To say my interest was piqued when my good friend and digital media professional Alison Read sent me a link about the new Facebook rebrand can only be described as an understatement.

Fifteen years ago, Facebook was at the very forefront of exclusive social communication. It was such a brainwave of an idea, it transcended all levels to become so mainstream the word was verbalised in the English language. ‘Call me’ we said to friends. ‘I’ll Facebook you’ the early adopters among us replied (to which we agreed, because it sounded much cooler.) Very soon we all discovered a more convenient and less intrusive (we thought) way to keep in touch in our increasingly fast paced lives than an actual phone call, heaven help us.

But there’s a downside to becoming a mainstream, household name that even Granny is comfortable with. Eventually, no matter what you do, you’re just not cool anymore.

I imagine that at the outset, the ‘core purpose’ of Facebook was to ‘connect people’. When I talk to clients about their core purpose, I also ask them to imagine what change they want to effect on the world. I ask them to set a BHAG: A Big, Hairy, Audacious Goal. I ask them to perceive how things might be in their organisation 20 years from now, if everything they’re dreaming of is achieved.

For Facebook, that change, if they imagined it, was surely to alter the world of communication as we knew it? Facebook certainly fulfilled their ‘core purpose’ of connecting people. They took less than 15 years to change the world and probably went way beyond even their own most ambitious targets. Because if you have a dream, and you write it down, anything is possible.

But what if Facebook is still aiming to change the world of communication?
In that case, they have a problem. Their brand’s no longer synonymous with cool people, secretly communicating with their friends, creating a deeper understanding and connection with each other on a human level.
It’s still many things to many people, but arguably as a tool Facebook is now more about keeping Granny and Grandad informed about what Junior is up to, selling business services and going shopping without leaving the house, about connecting mums who don’t chat at the school gates as much as they used to, and about saving us all time creating (and remembering to look back on) photograph albums.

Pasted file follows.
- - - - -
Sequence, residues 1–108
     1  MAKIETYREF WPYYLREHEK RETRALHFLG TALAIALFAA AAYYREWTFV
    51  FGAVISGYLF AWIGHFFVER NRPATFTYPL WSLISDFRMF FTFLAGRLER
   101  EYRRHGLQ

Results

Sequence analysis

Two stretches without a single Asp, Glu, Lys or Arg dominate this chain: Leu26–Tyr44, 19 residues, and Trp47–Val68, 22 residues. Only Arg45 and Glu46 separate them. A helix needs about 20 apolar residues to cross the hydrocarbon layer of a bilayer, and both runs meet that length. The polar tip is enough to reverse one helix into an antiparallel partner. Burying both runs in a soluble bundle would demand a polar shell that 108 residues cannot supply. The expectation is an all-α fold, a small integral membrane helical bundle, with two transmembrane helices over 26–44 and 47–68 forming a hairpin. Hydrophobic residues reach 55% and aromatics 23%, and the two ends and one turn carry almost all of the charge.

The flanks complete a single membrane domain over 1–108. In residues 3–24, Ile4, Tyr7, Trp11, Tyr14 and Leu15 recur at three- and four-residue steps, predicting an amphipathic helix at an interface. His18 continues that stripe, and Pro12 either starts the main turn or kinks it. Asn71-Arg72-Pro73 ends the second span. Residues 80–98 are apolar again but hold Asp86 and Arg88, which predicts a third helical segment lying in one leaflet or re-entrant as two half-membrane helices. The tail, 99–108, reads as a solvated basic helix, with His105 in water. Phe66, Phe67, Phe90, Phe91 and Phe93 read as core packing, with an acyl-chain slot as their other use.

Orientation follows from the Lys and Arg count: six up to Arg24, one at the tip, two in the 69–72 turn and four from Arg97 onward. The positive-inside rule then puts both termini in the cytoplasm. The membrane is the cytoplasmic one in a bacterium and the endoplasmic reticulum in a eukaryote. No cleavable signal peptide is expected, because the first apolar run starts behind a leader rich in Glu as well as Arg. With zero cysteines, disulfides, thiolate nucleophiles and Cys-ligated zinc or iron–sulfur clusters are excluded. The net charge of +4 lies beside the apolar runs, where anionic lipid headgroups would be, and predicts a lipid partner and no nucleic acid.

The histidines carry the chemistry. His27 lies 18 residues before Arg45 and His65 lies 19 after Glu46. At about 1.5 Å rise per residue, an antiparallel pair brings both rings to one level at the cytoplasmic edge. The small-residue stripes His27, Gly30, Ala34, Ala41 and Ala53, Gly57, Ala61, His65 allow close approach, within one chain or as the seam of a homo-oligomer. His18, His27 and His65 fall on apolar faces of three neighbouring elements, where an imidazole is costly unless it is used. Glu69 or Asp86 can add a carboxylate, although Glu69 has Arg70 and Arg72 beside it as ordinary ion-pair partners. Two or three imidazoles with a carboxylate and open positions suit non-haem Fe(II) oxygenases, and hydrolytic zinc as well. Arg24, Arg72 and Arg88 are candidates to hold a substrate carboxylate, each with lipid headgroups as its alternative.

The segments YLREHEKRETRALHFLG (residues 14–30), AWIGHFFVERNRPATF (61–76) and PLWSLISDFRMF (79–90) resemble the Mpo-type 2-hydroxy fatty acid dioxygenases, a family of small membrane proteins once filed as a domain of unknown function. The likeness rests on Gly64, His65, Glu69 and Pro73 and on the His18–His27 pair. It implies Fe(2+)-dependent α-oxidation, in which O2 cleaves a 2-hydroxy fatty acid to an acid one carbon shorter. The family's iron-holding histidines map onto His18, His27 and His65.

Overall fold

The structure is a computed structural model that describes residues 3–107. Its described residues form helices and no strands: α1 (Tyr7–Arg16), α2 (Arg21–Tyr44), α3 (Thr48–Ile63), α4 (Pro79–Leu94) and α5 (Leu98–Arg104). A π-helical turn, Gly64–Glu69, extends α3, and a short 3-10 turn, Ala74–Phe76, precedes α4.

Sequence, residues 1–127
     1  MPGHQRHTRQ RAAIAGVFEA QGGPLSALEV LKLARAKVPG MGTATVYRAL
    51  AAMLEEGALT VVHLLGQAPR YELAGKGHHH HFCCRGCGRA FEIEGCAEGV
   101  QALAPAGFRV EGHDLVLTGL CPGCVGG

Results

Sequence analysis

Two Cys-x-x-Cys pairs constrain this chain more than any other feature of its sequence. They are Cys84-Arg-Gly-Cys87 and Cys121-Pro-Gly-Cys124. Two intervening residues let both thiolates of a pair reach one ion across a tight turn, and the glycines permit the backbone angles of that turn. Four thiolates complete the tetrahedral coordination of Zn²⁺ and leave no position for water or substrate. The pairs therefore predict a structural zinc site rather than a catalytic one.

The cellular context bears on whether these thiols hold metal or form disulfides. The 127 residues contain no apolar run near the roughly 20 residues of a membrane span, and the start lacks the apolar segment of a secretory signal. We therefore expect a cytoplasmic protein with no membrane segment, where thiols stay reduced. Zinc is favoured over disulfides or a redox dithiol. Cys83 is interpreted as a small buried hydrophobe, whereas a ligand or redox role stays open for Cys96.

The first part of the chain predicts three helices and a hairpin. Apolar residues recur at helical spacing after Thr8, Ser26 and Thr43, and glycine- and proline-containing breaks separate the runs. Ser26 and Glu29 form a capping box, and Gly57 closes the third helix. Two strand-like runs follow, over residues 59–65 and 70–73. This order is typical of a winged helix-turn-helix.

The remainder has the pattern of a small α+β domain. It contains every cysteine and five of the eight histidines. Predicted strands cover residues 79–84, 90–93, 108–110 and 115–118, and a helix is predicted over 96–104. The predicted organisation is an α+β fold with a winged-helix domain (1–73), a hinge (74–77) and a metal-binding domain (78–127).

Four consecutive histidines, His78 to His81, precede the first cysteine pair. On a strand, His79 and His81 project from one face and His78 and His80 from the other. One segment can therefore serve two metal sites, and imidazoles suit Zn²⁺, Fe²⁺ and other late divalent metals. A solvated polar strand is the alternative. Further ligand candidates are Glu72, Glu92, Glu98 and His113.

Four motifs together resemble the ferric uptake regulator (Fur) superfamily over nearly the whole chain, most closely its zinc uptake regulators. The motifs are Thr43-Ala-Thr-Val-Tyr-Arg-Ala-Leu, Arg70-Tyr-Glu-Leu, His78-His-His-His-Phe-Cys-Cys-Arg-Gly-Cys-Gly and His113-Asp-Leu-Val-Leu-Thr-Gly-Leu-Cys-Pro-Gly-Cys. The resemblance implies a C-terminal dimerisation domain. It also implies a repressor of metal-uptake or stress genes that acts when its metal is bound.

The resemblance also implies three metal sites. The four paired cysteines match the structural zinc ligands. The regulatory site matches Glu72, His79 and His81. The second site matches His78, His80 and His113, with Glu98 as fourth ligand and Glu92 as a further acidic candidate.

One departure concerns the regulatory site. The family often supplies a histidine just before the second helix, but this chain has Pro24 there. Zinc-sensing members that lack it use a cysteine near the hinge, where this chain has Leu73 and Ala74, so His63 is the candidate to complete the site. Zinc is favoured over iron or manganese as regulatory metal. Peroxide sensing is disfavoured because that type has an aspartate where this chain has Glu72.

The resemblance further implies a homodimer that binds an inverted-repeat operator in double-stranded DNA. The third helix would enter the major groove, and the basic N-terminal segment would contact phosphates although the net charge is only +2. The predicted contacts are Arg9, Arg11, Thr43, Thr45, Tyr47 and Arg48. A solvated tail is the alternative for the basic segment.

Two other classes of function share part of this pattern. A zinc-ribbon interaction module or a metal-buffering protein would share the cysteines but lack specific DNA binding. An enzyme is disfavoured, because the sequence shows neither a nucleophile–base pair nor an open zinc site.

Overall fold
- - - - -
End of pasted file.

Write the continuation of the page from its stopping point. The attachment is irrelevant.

Not really about being cool, cutting edge and at the forefront of communication then?

People always ask me: ‘Should we change our logo?’ Almost always, I say ‘NO!!!’ Because contained within your brand identity is brand ‘equity’. That means, your identity is worth money, over and above the value of your company. Changing a logo has to be a very carefully considered decision. BUT one time when it really is right to change your logo is when your brand is in decline. Facebook, it’s time.

I love that FB say their rebrand is about creating ‘clarity’. They stole my word! Anyone who has been following me for the last couple of years will know that B is for Brand is all about the ABCs of branding: Achieving Brand Clarity. It’s hard to be clear in this confusing and over-communicating world we inhabit. So Facebook, I’m on the same page. We should all be focussing very hard on being clear about what we offer.

I’m also pretty clear about what they’re up to. They’re re-defining their brand architecture so that ‘Facebook’ or rather ‘FB’ will now be recognised by us all as the ‘company’ or ‘parent’ brand (it’s the one getting the new look by the way) beneath which they can have whatever structure they like really. But for sure, there will be multiple assets – in fact there already are. FB, the parent company will top a ‘house of brands.’

Eventually, they will likely stop referring to the parent company as ‘Facebook’ altogether, as we’ll come to know the company as ‘FB’.

Eventually, many of us (if we haven’t already) will drift off from old ‘facebook’ the product, at which point, FB will sell it (because as I tell all my clients, if they create a brand, it has a value in its own right).

Eventually, ‘FB’ will stand to make millions, nae billions from the sale of their old cash cow. But by that time they will in fact have long been perceived as a far more modern communications company and we’ll all be familiar with at least one if not many of the cutting edge products and services they provide.

Now don’t get me wrong. I love the new FB/Facebook identity. It’s cool, chic, dynamic and hints of exciting things on the horizon. The ‘early adopters’ among you will no doubt start seeing communications from the new brand pretty soon as they continue on their life cycle of brand development.

Very importantly, and what’s more, what I like best is that it’s not ‘just a logo.’ On their website, they go to great lengths to tell you about the strategy that sits behind it, how they engaged their people during the process and what the identity is meant to represent.

Well done Facebook, you get a gold star. Straight to the top of the branding masterclass!